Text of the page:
Ever since we got the mac mini as a wedding gift, I've been missing my old bachelorette setup in San Diego where I had my old mac mini and an old modified Xbox with media player and would switch to movie media mode via my TV input switching. The hookup and configuration (copying XML files via SFTP!) was a little old skool but, the interface was so nice! It also didn't help that here in Orlando when I would go over to Special K and the princess' house, they would pull up their Xbox360 media interface for Netflix -- an interface that put my Netflix that ran via a Safari browser with Silverlight plugin to shame. Also, VLC for my AVI files never quite played the movies to a polished full screen -- I could always tell it was played through an app on the side because I could see there were some border issues in the full screen. So, the other day, I finally figured out how to extend the Front Row app that came with my Leopard OS to display and play my AVI movie files! How?! Don't worry, I'll tell you. :) It doesn't change my Netflix playing experience but, it's definitely an improvement when it comes to my stored movie files. Here are the basic steps to converting your mac mini into an Apple TV -like media center:

Make sure you have Front Row installed: Front Row is basically Mac's Media Center. Newer versions of the Mac OS (v10.7 "Lion" and higher) don't come with Front Row since they now sell the Apple TV and they are providing the same basic functionality. Mac OS v10.5 ("Leopard") is ideal since it comes with Front Row v.2 which includes the new features introduced with the Apple TV (except for the YouTube viewer -- for which I'm looking into the Understudy plugin). To test if you have Front Row installed on your Mac OS, press the command key and Esc key at the same time -- this launches Front Row. If Front Row doesn't launch after 10 seconds, you can install it here or here.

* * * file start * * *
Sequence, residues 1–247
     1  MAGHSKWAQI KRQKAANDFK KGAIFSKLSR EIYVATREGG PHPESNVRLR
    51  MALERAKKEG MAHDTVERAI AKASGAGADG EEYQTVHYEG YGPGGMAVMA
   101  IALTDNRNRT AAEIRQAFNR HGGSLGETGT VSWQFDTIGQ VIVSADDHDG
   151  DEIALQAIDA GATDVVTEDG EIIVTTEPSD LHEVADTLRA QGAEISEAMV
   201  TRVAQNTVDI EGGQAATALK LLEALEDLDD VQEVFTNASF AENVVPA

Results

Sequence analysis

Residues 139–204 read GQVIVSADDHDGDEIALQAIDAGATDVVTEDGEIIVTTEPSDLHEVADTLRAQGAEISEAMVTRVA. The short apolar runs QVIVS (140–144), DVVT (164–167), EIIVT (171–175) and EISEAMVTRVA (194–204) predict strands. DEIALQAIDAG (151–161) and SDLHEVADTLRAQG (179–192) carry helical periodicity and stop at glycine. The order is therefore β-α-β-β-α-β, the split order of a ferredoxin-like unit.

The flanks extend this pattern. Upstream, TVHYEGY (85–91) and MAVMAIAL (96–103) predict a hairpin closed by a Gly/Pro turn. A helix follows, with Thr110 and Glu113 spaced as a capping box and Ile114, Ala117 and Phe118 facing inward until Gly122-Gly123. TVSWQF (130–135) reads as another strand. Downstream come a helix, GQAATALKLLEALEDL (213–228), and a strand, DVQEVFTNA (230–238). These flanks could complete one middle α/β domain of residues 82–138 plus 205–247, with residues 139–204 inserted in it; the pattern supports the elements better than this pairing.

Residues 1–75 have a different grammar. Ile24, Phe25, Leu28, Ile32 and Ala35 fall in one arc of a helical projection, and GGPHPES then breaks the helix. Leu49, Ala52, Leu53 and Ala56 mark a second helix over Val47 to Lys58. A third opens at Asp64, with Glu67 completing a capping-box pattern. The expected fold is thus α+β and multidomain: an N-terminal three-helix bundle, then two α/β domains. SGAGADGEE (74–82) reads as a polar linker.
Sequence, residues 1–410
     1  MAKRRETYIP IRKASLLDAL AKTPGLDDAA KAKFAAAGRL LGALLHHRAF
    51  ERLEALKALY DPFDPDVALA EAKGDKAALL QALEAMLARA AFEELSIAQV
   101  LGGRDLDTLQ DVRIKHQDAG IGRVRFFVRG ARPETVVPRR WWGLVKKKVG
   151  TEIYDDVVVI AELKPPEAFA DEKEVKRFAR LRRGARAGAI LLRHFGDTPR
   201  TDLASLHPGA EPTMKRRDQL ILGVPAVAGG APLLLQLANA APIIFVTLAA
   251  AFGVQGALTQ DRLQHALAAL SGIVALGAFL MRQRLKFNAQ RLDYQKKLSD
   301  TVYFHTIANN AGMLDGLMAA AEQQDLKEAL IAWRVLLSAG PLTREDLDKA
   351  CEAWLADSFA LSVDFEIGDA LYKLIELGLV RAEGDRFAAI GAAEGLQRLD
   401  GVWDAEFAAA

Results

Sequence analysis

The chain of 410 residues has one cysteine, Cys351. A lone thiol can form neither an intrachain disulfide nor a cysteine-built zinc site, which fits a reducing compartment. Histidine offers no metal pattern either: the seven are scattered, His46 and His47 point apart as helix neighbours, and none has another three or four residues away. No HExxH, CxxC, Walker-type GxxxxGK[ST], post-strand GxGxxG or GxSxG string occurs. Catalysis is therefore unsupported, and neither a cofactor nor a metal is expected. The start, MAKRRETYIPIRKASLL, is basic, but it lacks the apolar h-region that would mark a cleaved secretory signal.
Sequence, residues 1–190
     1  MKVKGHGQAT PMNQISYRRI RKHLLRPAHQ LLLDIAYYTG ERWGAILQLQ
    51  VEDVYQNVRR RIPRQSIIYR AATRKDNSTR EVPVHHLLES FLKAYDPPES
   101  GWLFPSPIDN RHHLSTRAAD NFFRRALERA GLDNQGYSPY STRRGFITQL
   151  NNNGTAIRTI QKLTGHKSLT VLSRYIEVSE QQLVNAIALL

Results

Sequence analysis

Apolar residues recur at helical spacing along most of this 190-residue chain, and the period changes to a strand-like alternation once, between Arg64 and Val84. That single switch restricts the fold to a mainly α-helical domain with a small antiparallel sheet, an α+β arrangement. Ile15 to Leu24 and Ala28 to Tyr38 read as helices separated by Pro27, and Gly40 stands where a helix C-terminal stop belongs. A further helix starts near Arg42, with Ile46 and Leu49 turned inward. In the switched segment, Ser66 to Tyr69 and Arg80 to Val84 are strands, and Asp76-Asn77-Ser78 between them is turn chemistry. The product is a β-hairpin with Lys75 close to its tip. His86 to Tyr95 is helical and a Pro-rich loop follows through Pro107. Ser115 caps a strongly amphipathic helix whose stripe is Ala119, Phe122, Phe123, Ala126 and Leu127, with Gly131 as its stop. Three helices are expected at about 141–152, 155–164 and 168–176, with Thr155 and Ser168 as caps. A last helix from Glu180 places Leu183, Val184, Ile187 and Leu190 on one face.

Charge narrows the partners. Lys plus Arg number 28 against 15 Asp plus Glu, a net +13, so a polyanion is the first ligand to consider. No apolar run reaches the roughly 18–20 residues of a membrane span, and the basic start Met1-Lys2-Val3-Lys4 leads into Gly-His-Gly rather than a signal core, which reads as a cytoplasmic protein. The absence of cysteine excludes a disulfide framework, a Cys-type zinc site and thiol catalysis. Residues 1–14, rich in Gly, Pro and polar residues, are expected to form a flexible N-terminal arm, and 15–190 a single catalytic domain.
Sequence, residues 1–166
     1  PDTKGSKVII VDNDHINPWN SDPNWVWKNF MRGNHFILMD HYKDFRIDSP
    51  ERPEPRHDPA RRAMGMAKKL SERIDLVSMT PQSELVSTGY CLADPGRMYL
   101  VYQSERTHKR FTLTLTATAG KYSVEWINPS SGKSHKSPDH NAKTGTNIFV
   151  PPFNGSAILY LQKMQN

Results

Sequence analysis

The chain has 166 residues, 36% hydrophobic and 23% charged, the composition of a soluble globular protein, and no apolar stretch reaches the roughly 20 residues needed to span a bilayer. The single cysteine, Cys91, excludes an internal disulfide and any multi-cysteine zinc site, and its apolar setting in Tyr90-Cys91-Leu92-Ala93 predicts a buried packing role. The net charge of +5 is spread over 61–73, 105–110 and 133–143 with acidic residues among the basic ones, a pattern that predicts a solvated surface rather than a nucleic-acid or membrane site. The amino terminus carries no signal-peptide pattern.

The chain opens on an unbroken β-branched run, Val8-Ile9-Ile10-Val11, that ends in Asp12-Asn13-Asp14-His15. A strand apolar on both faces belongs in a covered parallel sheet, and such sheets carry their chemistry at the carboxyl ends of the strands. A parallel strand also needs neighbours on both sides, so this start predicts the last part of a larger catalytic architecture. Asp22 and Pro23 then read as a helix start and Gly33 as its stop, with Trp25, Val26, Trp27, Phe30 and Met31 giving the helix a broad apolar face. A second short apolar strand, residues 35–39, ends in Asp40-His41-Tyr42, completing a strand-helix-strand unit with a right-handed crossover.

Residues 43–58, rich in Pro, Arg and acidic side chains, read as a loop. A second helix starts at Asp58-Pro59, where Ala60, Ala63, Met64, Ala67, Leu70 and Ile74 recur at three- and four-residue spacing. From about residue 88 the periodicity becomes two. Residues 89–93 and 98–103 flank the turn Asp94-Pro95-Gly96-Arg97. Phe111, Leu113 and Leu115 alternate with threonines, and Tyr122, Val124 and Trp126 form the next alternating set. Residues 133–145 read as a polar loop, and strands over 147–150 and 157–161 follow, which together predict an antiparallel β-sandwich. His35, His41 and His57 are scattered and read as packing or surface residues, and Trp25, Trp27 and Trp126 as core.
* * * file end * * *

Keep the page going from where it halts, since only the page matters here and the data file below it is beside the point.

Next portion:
Make sure your iTunes can see your media files: Front Row reads files that are added (not necessarily copied, thank goodness) to iTunes. My media files are primarily ripped DVDs in AVI file format stored on an external dual bay HDD that is connected via FireWire 800/1394b to my mac mini. Therefore, my iTunes cannot read my media files as-is (mainly, because they are AVIs). If you experience the same, then read the next two steps...
Make sure your QuickTime can play your media files: iTunes can only add movie files that QuickTime can play and that are in the proper iTunes-friendly format (generally MOV or MP4). So, make sure to test your media files in QuickTime. I quickly found that my AVI files would error when opened with QuickTime. If you experience the same, I suggest installing Perian - The swiss-army knife of QuickTime video components. This solved my error, video and audio issues with all of my AVI movie files.
Make sure your media files are in an iTunes-friendly format: Once you verified proper play of the AVI files in QuickTime, you'll need to convert them to MOV or MP4 for iTunes to add them to the library. This is simple but time-consuming. Open each AVI file with QuickTime and go to "File" -> "Save As"; make sure the Format is set to "Movie" and click "Save". QuickTime will process the AVI file into a MOV file. I verified that the new MOV files played in both QuickTime and iTunes.
Add the media files to iTunes: Now that you've converted your AVI files to MOV, you can add them to your iTunes library. You can just locate the root folder in Finder for all your MOV files and drag and drop the root media folder into iTunes, it'll add all iTunes-readable media files in the subfolders for you.
Launch Front Row and verify your new media collection: Press the command key and Esc key at the same time, arrow up and down to ensure the "Movies" menu item is selected and press Enter to drill in and play the new media you just made available in a polished-full screen home theater mode! Et voilà.. C'est ça!

One Response so far.

  1. Honey, we have the best setup on the entire East Coast and it's all because of you!